Yesterday, Viviana MacKade’s Fall Book Fair (which I’ve talked about all week) finished up with several young adult and new adult books, including CHANGING FACES (which counts as new adult as we’re dealing with college students). All of them are ninety-nine cent e-books. And at least one of them may tickle your fancy, even if my own quirky take on LGBTQ relationships does not.

(Though I hope it’ll do some good for someone out there. Or I’d not have written it at all.)

So do take in the Fall Book Fair, even though it’s now — technically, at least — over. The post is still there. The books are still there. And there are fifty books from the entirety of the week to choose from, all priced at just ninety-nine cents.

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6 Responses

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  1. IMO “white male heterosexual privilege” is just an excuse to put somebody down. This Transgender is getting the same treatment that white men have been getting in this modern world.

    And people wonder at the growth of the “Alt-Right”. 😦

    Paul (Drak Bibliophile) Howard

    September 8, 2018 at 6:11 pm

    • Paul, when someone says that it’s “white heterosexual male privilege” in a reflexive way, that just throws out everything that person can say — it’s dismissive, and it can be very, very rude.

      I think it’s revealing that this transgender man has run into that. And I also think it’s ridiculous for someone to say that about someone who’s had to endure so much to become the person he needed to be…

      We need more kindness in this world. Less fear. And more hope.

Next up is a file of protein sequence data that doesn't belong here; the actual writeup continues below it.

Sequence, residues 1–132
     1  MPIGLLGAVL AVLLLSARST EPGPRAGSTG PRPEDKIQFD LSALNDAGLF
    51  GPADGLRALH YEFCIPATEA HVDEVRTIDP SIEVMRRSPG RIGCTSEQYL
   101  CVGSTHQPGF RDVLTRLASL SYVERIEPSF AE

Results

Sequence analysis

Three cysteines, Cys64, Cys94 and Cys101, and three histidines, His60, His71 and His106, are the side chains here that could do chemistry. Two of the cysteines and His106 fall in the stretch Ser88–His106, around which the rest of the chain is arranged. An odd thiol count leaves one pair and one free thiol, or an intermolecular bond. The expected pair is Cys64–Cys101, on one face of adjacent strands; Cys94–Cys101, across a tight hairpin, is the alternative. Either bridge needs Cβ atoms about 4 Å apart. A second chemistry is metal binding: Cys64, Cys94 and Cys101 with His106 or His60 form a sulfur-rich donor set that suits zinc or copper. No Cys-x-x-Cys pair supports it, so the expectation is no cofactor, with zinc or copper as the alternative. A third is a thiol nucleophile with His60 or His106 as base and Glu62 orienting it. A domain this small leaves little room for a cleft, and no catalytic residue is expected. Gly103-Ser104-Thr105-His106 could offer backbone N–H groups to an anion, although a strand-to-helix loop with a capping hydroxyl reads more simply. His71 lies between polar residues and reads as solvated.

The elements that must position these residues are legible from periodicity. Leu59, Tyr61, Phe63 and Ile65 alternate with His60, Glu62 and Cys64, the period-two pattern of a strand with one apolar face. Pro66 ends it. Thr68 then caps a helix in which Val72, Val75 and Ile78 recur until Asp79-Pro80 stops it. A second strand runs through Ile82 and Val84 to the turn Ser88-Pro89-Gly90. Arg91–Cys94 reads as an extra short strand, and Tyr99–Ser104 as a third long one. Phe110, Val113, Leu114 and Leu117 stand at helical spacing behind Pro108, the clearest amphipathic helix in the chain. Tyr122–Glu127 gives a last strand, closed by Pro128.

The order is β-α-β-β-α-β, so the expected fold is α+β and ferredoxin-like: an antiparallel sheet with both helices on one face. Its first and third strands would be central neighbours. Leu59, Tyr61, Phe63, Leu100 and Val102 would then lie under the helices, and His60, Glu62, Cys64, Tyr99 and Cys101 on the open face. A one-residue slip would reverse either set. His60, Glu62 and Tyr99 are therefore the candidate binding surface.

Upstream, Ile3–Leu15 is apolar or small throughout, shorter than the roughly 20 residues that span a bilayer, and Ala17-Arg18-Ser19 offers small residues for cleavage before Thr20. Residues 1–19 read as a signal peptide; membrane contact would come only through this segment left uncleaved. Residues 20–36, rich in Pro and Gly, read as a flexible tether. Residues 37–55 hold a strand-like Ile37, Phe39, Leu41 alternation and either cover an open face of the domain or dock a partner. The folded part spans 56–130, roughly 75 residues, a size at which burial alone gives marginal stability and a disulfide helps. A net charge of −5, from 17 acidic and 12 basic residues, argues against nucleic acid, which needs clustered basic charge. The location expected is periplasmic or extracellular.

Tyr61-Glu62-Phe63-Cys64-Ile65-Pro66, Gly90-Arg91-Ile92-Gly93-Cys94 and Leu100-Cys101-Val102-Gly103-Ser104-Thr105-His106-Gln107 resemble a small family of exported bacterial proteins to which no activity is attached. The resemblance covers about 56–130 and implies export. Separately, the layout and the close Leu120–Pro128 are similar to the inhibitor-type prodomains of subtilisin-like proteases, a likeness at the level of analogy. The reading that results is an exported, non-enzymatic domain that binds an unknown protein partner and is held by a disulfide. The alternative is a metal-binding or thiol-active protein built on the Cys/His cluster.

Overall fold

And a whole lot less of any dismissive comments that don’t show anything except for derision — ’cause what good does that do?

      P.S. As for the “alt-right,” all I can say there is, I don’t understand that movement at all. I really don’t. The worst people who’ve been identified as “alt-right” are white supremacists, though not everyone who IDs as “alt-right” are…what I do know is what I said above: we need more understanding, love, compassion, and a whole lot less dismissiveness.

      My hope is that sooner or later, people will realize that all human beings matter, and that we all have different things to bring to the table. I think we were all made differently so we’d all learn how to compromise…and so far, we’re making a big-time hash of it. 😦

      Barb Caffrey

      September 8, 2018 at 9:16 pm

  2. Being into my 67th year, and not always ‘in tune’ with society in all its facets I’m not as in contact with the various gender identities which have come into our lexicon (I cannot for the life of me personally work out the difference between bi-sexual and pan-sexual).
    That said an examination of history down the generations shows there is nothing new under the sun, it’s just that we now have new technology for folk to realise their dreams and hopes.
    Of course no one group will have the monopoly of ‘The Angels’ or ‘The Demons’
    I admire you coming up to the challenge in ‘Changing Faces’ and am with you all the way in your final comments in reply to Paul.

    Woebegone but Hopeful

    September 9, 2018 at 9:27 am

    • Thanks, Roger. I appreciate that.

      I have to admit, I don’t understand pansexual either. I think it’s an attempt to label something that has already been in existence, though…and maybe it’s meant to be more inclusive for those who do not identify as gender binary in any way?

      Barb Caffrey

      September 9, 2018 at 4:57 pm

      • It baffles me, but as the saying is ‘There you go’. Just keep ‘whatever’ consensual and don’t involve children or the vulnerable.
        (And keep the noise down….some of us want to doze in front of the TV! 😴)

        Woebegone but Hopeful

        September 9, 2018 at 5:15 pm

      • Yep!

        Barb Caffrey

        September 10, 2018 at 5:30 pm